Most of the time Anuvinda has been mentioned in association with another king called called Vinda; and nearly always they have been mentioned as āvantyau (avantyau), meaning either ‘two kings of Avantī (Avanti) kingdom’ or ‘kings of two Avantī kingdoms’ – vindānuvindāvāvantau. As both of them are mentioned as kings of the kingdom of Avantī, scholars believe that Avantī had a government of dual sovereignty, which generally refers to one kingdom being split between and each part ruled by a pair of near kin, like father-son or two brothers – pitāputrayoḥ bhrātrorvā.
Apparently Vinda and Anuvinda were two brothers who ruled two parts of the kingdom of Avantī – vindānuvindāvāvantau sainyena mahatā vṛtau. Both of them were defeated by Sahadeva in Sabhāparva (Sabhaparva) of Mahābhārata (Mahabharata).
Although they ruled separately two parts of the same kingdom, it appears that the brothers enjoyed a friendly relationship and used to fight together. While fighting for the Kauravas, Anuvinda’s chariot (drawn by four horses) and bow were destroyed by Arjuna’s son Irāvān (Iravan). Frustrated by Irāvān, Anuvinda had to get up on his brother Vinda’s chariot to continue fighting. Although they were again defeated by Sahadeva, they were undeniably excellent warriors.
In Droṇaparva (Dronaparva) we find Vinda and Anuvinda attacking a tired Arjuna on the verge of calling off the day’s war. Enraged, Arjuna killed the elder brother Vinda. A heartbroken Anuvinda hit Arjuna’s chariot-driver Kṛṣṇa (Krishna) on his head with a club without inflicting much damage. At last he also was killed in the hand of Arjuna.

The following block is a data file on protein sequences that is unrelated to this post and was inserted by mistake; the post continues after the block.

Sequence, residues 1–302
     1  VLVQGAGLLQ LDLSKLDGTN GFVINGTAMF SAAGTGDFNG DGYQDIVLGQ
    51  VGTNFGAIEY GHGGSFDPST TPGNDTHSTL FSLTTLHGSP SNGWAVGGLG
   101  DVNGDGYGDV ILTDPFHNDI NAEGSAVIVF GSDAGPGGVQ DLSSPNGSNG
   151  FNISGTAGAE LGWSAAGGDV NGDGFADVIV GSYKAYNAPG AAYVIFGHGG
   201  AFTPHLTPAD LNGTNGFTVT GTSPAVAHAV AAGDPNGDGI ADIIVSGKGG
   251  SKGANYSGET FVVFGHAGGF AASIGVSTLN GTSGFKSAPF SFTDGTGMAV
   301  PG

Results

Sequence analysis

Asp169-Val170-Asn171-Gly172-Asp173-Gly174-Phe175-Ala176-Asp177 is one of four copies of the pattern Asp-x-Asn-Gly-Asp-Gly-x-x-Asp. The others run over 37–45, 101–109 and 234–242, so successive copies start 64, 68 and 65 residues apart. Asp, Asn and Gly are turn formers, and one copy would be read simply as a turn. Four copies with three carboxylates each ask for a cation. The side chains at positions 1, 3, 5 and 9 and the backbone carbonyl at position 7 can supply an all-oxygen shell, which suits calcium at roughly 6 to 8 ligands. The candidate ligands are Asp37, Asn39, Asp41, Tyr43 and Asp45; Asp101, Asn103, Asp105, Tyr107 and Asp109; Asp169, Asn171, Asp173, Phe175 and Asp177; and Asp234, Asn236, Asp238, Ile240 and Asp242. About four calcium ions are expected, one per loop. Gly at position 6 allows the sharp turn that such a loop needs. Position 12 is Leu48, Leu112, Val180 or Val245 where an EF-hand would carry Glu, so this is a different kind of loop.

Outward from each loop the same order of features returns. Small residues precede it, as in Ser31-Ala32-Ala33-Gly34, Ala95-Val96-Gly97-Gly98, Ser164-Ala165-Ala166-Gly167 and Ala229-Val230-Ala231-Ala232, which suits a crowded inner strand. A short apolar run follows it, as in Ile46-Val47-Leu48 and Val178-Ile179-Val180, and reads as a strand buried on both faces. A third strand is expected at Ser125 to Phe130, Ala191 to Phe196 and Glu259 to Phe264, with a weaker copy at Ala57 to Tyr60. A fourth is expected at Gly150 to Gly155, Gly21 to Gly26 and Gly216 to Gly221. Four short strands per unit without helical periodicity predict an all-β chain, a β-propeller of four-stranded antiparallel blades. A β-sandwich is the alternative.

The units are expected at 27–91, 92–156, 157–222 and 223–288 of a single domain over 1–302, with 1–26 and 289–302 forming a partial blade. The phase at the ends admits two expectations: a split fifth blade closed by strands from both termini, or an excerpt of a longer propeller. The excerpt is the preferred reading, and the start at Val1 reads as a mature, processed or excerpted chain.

According to Bhāgavatapurāṇa (Bhagavatapurana), Anuvinda was a son of Rājādhidevī (Rajadhidevi), another sister of Vasudeva. Here also we find Vinda as his brother and they are princes of Avantī. They had a sister too called Mitravindā (Mitravinda), who wanted to choose Kṛṣṇa as her husband in an open svayamvara (swayamvara). But Vinda and Anuvinda, instigated by Duryodhana, thwarted her – vindānuvindāvāvantau duryodhanau-vaśānugau. Then Kṛṣṇa abducted her from in front of the assemblage of the kings and married her. Since long before this Vinda and Anuvinda had been hostile to Kṛṣṇa. As a token of loyalty to Jarāsandha (Jarasandha), the sovereign of Magadha, they helped him by supporting the blockade of Mathurā (Mathura).